Last weekend was a weekend of robbery.
It began on Saturday with an unjust and unexpected playoff loss for the Denver Broncos. And even though I’m not a diehard sports fan, playoff losses are like getting pinched in the armpit: totally unexpected and shockingly painful.
Then on Sunday afternoon, Mike and I returned home to discover that his road bike had been stolen from our complex’s underground parking garage. The unbreakable lock that was attached was not, in fact, unbreakable. We discovered the broken lock remnants and Mike got really quiet for a few hours.
Meanwhile, I got really angry-chatty, the kind where I start sentences with “What kind of person would…” and “How is it possible that…” Lucky for you, I fleshed out most of my feelings of outrage in my journal.
But then my journal disappeared, too, which makes me think the road bike and journal theft were connected. Perhaps the road bike was just a gateway robbery to get to the real gem: my journal. (Don’t you dare roll your eyes)
I told Mike that stealing my journal thoughts was like stealing diamonds in the rough. “Someone is about to get really rich,” I said. The journal it is where I wrote down my most specific resolutions, things like “learn how to walk more aerodynamically” or “approach each situation as if it will evolve into a chase scene.”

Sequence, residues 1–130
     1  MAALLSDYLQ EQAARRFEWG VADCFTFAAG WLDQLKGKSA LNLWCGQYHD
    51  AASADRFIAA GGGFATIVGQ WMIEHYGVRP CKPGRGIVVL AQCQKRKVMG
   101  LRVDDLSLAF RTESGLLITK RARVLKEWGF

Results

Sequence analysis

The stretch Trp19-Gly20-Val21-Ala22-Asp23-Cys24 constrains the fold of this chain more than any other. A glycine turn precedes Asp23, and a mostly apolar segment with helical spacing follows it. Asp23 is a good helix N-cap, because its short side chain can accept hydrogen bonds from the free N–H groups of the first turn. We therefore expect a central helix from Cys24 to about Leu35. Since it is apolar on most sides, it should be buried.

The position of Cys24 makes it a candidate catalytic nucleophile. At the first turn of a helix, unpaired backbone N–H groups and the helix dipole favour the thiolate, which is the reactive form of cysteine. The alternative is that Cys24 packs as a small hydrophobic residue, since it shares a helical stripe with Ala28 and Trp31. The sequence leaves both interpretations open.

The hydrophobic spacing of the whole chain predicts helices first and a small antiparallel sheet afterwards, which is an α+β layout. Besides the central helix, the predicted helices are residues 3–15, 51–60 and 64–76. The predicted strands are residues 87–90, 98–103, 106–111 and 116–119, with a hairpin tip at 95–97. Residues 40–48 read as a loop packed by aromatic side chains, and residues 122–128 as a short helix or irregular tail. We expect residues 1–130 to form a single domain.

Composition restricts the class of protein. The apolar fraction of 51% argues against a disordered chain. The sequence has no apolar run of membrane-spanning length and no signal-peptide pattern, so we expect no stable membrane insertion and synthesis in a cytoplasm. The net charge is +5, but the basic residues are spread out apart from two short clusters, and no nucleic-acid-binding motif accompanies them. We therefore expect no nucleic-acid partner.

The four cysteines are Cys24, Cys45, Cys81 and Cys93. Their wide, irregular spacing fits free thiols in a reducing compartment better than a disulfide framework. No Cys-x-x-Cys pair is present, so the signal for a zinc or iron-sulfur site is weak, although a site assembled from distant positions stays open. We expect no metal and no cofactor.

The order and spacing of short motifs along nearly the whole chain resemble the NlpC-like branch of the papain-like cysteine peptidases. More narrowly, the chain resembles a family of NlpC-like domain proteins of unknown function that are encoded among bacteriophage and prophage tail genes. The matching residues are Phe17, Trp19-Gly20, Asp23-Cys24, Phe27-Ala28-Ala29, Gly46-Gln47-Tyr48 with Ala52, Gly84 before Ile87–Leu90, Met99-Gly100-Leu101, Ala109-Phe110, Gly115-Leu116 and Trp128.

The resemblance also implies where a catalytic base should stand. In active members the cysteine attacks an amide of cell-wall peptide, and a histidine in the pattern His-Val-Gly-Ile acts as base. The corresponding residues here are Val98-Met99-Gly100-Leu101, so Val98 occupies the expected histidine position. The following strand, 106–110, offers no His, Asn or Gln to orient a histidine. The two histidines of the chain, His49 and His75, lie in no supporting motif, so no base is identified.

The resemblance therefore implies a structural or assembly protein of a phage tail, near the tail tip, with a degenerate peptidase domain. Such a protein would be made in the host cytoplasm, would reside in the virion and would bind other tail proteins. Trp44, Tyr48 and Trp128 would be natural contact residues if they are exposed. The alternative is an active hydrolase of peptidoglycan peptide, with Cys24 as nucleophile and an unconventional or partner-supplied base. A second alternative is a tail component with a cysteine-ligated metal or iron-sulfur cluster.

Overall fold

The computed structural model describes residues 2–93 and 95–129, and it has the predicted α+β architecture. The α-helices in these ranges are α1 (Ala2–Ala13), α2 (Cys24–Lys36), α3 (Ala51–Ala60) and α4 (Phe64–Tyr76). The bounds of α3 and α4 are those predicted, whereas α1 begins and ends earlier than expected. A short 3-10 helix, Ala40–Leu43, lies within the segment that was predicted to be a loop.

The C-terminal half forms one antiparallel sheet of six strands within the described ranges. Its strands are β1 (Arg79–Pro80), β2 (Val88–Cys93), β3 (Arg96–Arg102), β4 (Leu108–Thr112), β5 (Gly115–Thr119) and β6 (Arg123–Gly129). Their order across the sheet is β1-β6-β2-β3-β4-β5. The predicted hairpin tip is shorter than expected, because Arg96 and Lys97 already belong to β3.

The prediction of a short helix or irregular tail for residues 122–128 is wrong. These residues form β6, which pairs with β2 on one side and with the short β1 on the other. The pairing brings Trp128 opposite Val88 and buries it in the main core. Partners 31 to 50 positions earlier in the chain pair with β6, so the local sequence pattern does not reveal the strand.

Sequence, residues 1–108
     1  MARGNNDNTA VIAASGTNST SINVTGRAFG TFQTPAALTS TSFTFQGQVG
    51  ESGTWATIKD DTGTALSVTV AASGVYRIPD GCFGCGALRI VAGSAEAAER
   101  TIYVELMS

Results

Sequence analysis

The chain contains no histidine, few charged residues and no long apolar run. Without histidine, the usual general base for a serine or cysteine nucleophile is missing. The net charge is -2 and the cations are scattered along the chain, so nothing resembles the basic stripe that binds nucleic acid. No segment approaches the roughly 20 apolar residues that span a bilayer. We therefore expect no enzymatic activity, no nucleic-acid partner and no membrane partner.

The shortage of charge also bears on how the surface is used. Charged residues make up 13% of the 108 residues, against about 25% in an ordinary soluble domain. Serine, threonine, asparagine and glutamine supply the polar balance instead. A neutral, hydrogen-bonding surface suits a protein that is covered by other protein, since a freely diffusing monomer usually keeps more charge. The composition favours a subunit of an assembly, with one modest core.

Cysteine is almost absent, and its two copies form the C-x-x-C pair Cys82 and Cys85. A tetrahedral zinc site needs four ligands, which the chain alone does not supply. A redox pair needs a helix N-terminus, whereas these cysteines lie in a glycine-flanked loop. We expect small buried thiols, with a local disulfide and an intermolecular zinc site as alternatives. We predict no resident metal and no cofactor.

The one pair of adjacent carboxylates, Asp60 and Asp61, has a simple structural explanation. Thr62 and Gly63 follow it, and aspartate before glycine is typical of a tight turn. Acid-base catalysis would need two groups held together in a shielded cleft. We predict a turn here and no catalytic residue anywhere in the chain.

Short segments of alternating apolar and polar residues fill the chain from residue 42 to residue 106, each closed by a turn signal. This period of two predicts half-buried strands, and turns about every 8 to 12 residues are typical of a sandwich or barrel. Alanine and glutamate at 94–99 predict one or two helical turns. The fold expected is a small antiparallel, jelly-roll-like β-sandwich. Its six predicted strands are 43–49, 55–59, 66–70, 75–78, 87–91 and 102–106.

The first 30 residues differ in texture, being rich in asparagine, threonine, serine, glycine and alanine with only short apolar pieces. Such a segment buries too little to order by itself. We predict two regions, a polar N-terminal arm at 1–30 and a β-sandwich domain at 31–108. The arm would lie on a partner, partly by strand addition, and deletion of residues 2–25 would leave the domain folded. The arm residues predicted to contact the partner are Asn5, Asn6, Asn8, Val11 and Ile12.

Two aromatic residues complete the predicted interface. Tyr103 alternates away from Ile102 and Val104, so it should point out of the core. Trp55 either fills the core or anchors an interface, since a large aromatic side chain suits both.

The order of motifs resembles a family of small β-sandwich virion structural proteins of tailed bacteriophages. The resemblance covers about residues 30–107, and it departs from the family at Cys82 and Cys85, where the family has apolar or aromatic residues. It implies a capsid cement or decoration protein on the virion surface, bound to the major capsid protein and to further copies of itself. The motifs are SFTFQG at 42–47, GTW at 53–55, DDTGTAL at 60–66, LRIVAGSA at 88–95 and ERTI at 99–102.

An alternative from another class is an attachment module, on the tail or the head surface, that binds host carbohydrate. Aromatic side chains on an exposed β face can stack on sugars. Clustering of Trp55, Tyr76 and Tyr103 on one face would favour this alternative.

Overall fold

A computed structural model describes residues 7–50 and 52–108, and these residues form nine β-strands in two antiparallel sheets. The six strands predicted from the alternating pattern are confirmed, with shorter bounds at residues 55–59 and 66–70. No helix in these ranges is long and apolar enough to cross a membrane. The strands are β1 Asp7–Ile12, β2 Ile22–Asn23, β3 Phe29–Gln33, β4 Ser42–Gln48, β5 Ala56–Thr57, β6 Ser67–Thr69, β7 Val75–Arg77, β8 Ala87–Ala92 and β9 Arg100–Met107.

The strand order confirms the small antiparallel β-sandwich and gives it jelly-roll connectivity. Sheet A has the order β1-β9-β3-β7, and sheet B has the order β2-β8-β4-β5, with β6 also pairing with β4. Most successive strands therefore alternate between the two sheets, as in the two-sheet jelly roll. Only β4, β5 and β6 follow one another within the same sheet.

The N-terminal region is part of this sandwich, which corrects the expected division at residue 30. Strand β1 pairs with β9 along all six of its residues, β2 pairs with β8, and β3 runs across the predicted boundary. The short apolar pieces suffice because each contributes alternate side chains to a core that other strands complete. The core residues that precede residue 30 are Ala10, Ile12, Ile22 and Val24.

Mike said I was being ridiculous, that I probably just left the journal somewhere around the house. I told him to notify our insurance about my stolen diamond thoughts. After that, the TV volume abruptly increased, which I assumed was totally incidental. Sometimes the TV volume overpowers Mike’s empathetic response. Mike says this means we need a newer, larger TV. I told him to stop changing the subject.
When something is taken from me, even something silly and material like a bike or a notebook, it makes me want to initiate a chase scene, even if it’s one without direction. I become an adventurer-turned-hunter with just enough adrenaline and physical fitness to become a danger to myself and no one else. The chase makes me want to interrogate strangers and post signs around our building that state, “Hello Criminal. I know where you live. I have seen Taken and Taken 2. Prepare to be justiced.”
I think about those signs without ever posting them, which means the criminal has no idea about the forthcoming justice. He has no idea that he needs to protect his armpits.
Really, there is nothing to be done. You slap your forehead, pace a few circles, and then shake it off. I guess recovery comes in sentences that start with, “It’s only a bike…” “It’s only a football team.” and “We’ll get em’ next season,” even if we don’t know for sure.
Robbery recovery occurs when we release things we weren’t ready to and practice accidental benevolence on days we aren’t feeling particularly generous. It’s a catalyst for grace when I would rather morph into a vigilante, the kind with an aerodynamic unitard and satisfying chase scene.
But I’m practicing letting go, imagining that there is thankfulness on the other side of my accidental benevolence. And to this I say:
You’re welcome, Ravens.
You’re welcome, bike thief.
You’re welcome, accidental protégé. I hope you enjoy my diamond thoughts. But so help me, if I discover a blog called The Happier Ones…